Unlocking the door - FEATURE Open access is the subject of much discussion among academics and publishers and plays an important role in the communication of peer-reviewed information to scientists, clinicians and educated patients. However, there is substantial disagreement about the open access concept, along with much discussion about the economics of funding an open access communications system for clinical publications. Reactions range from moving with enthusiasm to a new open access publishing model, to experiments in providing as much free or open access as possible, to active lobbying against open access proposals. The idea of open access was born out of research scientists' need to retrieve information quickly and cost-effectively that would enable them to accelerate their own research and, in turn, communicate with their peers quickly and more effectively. It follows the trend towards increasing use of online resources to access published research, in some cases negating the need for paper journals.

Royal Society of Medicine presents “Using the internet to practice medicine” « 3G Doctor Blog On Tuesday 21 September 2010, the Telemedicine and eHealth Section of the Royal Society of Medicine will be hosting an event that will be looking at how to use the internet to practice medicine to increase the efficiency, widen access and improve the quality of care. This is a rare opportunity to learn from Professor Bachman, Professor of Primary Care Medicine at the Mayo Clinic, a renowned world expert in the use of the internet in consultations with patients. Check out his video lecture on the Mayo Clinic Experience by clicking here. The event will be comprised of talks and a workshop covering practical ways to enhance the efficiency of care with important lessons on the reality of achieving this within your busy medical practice, and will appeal to Healthcare Professionals interested in maximizing the use of healthcare resources and learning how to leverage patient access to the internet to improve the quality of care. Like this: Like Loading...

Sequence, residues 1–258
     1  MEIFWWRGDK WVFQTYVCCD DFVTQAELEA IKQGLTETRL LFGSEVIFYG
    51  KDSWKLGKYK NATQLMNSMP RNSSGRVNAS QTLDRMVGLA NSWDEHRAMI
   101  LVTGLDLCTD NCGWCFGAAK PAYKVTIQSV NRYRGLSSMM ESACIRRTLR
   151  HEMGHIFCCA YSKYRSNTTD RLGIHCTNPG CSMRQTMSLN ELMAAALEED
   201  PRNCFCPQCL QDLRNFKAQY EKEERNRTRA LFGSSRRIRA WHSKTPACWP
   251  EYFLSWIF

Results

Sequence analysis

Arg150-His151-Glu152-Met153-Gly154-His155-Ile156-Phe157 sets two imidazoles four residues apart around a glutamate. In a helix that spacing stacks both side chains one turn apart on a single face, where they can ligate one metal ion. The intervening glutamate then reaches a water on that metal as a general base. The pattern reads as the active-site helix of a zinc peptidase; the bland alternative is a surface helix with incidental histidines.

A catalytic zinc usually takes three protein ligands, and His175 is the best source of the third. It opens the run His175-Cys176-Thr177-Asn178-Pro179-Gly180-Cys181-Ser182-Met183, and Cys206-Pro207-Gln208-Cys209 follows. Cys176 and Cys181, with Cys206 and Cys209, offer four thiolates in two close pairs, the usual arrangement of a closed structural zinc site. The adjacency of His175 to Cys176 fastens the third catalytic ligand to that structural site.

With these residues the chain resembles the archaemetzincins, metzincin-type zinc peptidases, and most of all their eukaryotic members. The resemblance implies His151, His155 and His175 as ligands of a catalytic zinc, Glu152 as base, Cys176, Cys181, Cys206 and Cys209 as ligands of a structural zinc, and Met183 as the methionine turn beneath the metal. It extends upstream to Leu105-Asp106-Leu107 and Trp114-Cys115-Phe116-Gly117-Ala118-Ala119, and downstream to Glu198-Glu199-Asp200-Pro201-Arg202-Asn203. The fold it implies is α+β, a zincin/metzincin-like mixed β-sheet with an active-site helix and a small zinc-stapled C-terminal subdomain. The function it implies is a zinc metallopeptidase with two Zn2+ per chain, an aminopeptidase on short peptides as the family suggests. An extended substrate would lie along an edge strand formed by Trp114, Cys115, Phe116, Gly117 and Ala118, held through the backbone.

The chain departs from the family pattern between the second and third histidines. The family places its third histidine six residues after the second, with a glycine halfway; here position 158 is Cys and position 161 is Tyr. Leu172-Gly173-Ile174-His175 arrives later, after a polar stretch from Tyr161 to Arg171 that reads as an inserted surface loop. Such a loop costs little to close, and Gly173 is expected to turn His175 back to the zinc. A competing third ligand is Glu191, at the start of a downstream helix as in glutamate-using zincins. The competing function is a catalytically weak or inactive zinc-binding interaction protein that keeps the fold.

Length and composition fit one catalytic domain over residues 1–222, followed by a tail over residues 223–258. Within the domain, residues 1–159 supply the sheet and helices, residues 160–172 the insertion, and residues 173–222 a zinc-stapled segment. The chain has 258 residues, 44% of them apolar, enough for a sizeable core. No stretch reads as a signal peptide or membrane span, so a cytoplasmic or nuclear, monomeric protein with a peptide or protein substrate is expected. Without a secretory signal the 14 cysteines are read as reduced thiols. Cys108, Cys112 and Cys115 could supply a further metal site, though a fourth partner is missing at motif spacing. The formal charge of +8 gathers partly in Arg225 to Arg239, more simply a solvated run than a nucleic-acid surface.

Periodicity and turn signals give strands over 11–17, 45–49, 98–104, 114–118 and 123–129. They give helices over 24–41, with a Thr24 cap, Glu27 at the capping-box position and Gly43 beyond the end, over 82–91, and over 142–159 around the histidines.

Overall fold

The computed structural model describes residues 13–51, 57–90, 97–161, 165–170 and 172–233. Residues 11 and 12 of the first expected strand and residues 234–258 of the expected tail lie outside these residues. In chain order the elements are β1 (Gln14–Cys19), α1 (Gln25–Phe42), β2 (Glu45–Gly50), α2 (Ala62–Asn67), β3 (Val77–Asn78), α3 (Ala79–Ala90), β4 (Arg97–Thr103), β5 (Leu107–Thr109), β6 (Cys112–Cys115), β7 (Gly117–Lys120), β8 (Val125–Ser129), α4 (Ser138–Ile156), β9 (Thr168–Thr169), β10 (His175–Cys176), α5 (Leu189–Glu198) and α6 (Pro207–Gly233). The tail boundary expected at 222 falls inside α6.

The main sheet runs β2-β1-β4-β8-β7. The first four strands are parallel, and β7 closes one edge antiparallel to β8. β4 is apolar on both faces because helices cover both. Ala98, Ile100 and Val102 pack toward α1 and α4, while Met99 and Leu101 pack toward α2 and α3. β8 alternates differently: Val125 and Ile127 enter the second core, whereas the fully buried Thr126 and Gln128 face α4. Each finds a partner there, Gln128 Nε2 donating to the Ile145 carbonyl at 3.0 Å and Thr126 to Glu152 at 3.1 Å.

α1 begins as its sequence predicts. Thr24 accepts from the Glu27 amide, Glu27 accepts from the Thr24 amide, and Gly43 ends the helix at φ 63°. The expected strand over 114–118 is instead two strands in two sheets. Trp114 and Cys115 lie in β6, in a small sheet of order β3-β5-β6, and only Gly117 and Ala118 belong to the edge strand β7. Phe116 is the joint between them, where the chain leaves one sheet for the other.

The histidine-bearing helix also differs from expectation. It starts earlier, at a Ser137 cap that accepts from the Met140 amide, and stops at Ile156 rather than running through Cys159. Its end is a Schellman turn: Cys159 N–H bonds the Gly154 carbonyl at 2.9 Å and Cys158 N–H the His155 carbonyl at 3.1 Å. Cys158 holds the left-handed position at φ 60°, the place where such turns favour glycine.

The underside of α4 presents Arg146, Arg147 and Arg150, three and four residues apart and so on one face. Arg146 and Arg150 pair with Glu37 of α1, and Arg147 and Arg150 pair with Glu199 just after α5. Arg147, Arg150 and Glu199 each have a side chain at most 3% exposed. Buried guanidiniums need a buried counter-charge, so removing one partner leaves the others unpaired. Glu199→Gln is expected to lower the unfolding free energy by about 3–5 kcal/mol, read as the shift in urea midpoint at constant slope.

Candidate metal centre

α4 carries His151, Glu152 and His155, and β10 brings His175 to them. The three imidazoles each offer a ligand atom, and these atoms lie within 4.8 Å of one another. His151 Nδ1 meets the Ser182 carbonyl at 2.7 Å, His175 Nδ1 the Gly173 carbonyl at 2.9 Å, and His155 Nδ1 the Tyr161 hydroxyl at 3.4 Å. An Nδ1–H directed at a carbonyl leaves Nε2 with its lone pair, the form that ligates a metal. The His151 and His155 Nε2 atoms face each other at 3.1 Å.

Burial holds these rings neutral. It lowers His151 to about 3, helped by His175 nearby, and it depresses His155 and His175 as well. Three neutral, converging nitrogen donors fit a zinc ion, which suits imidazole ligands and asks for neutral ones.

Introduction to Social Influence, Persuasion, Compliance & Propaganda This portion of the Working Psychology website offers a brief introduction to a big topic: social influence, the modern, scientific study of persuasion, compliance, propaganda, "brainwashing," and the ethics that surround these issues. Although these topics aren't always simple (it is, after all, science), I've done my best to make this introduction interesting. Since Aristotle recorded his principles of persuasion in Rhetoric, humans have attempted to define and refine the principles of successful influence. Persuasion has been studied as an art for most of human history. The comparatively young science of social influence, however, can trace its roots to the second world war, when a social psychologist named Carl Hovland was contracted by the U.S. Social scientists attempt to support any assertion with facts. Want a few examples of how social influence works in the real world before you continue? Copyright © 2002 by Kelton Rhoads, Ph.D.